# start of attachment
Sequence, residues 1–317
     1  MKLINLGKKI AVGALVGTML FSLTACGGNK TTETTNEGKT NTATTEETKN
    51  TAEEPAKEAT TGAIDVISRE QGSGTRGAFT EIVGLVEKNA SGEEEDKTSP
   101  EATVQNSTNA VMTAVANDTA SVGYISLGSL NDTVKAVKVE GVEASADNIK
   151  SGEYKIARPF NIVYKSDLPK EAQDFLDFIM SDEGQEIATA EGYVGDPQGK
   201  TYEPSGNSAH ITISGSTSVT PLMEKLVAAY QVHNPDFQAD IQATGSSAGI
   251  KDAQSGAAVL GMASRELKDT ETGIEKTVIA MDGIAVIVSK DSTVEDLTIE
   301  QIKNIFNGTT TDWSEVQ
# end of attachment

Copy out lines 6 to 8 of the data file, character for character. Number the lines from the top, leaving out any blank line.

   201  TYEPSGNSAH ITISGSTSVT PLMEKLVAAY QVHNPDFQAD IQATGSSAGI
   251  KDAQSGAAVL GMASRELKDT ETGIEKTVIA MDGIAVIVSK DSTVEDLTIE
   301  QIKNIFNGTT TDWSEVQ